Sitting across from my friends at a quaint restaurant (the name eludes me) in Venice, I pored over the menu, and ordered the ‘Venetian Style Spaghetti’ from the attractive selection. Every now and then, we turned our heads to find waiters armed with food, and hoped that it was ours.
When our order finally arrived, I was surprised to find a plate of what eerily looked like tar. Spaghetti and cuttlefish pieces were messily blanketed with a thick, lumpy black sauce.
The waiter explained, it was spaghetti with nero di seppia (ink extracted from the ink sacs of cephalopods). Not one to care what food looks like, I dug in without hesitation. It was amazing! The cuttlefish was well-cooked and the pasta retained a heavy taste of the sea. The briny flavour of each bite played in harmony with the cuttlefish.
After a few giant mouthfuls, I looked up. Two disgusted set of eyes looked at me. They were wondering how on earth I had managed to ingest the 'goop' and violently jumped back when I held up a forkful, insisting they try it.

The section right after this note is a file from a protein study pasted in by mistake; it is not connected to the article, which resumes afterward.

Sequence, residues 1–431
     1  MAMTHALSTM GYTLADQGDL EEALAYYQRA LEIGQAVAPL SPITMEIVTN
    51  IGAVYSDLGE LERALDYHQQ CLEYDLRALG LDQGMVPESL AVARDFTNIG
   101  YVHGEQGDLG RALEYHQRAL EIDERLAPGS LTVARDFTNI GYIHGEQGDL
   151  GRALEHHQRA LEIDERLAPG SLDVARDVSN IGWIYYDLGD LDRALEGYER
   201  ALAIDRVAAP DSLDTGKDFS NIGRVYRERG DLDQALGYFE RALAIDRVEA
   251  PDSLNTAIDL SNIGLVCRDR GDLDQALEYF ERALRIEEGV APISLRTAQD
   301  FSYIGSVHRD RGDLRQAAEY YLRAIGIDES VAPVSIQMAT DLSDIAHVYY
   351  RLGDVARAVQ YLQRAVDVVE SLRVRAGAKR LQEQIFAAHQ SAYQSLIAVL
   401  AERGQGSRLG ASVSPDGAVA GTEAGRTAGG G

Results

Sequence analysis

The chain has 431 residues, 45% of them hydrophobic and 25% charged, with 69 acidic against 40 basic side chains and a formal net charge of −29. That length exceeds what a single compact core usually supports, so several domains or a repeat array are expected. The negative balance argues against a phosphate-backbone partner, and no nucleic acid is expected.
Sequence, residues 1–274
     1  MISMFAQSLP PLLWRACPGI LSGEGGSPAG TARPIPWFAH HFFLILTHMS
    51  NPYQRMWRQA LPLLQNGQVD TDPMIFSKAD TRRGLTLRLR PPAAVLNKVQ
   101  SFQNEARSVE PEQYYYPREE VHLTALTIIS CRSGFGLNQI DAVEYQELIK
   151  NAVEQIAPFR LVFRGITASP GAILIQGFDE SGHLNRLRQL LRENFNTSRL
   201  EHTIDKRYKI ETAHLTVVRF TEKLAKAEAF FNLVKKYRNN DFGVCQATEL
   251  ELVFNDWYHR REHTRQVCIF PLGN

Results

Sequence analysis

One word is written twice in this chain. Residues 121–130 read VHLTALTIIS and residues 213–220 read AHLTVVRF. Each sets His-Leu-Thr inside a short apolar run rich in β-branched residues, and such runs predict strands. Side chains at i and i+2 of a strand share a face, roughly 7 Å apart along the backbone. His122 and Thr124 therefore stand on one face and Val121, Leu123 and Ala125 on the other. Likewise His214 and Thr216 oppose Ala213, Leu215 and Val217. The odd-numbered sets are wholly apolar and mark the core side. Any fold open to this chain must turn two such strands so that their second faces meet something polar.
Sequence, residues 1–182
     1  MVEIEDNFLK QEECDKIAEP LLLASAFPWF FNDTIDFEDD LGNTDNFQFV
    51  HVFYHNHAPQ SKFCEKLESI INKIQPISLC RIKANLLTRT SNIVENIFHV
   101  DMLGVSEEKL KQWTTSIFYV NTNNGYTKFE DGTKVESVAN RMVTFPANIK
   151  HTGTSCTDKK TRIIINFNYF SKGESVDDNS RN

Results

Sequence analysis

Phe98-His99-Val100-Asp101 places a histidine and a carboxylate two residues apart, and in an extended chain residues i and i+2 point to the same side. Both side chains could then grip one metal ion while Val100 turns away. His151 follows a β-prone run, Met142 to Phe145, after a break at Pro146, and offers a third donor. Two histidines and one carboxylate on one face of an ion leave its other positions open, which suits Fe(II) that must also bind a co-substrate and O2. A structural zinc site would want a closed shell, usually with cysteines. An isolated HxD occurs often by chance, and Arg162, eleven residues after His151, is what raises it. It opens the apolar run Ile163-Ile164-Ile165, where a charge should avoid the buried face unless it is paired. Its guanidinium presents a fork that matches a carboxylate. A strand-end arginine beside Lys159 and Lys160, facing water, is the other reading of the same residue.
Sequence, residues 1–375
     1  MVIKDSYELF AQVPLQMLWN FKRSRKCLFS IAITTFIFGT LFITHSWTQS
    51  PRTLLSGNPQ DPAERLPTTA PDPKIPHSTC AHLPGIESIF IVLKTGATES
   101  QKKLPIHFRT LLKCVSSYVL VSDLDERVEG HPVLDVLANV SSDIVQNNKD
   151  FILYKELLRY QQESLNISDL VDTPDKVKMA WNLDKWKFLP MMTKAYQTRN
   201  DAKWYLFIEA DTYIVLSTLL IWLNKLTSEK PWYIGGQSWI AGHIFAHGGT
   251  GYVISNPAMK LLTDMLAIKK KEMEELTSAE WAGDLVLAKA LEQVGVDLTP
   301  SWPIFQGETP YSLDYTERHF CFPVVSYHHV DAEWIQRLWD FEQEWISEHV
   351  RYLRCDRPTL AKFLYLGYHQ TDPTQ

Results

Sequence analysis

Despite the smorgasbord of options Venetian restaurants had to offer, I seemed incapable of eating anything else on that holiday; I hunted through menus of every other eatery, only to find that each had its own variation. Using ink of squid or cuttlefish is not uncommon in Italian cooking, especially with long pastas and rissotto. Sometimes the dish features prawns, scallops, and other seafood too. It also looked a lot more refined and a lot less unappetising everywhere else since the goopy consistency was missing and the pasta was plated nicely.
A quick search on the internet revealed recipes aplenty. Generally pungent, the ink is used in small amounts to avoid giving the dish an overpowering salty taste. You can extract the ink yourself, get it from a fishmonger or buy pasta that is already infused with the ink. And don’t worry, the ink won’t stain your mouth, or hands; not permanently anyway.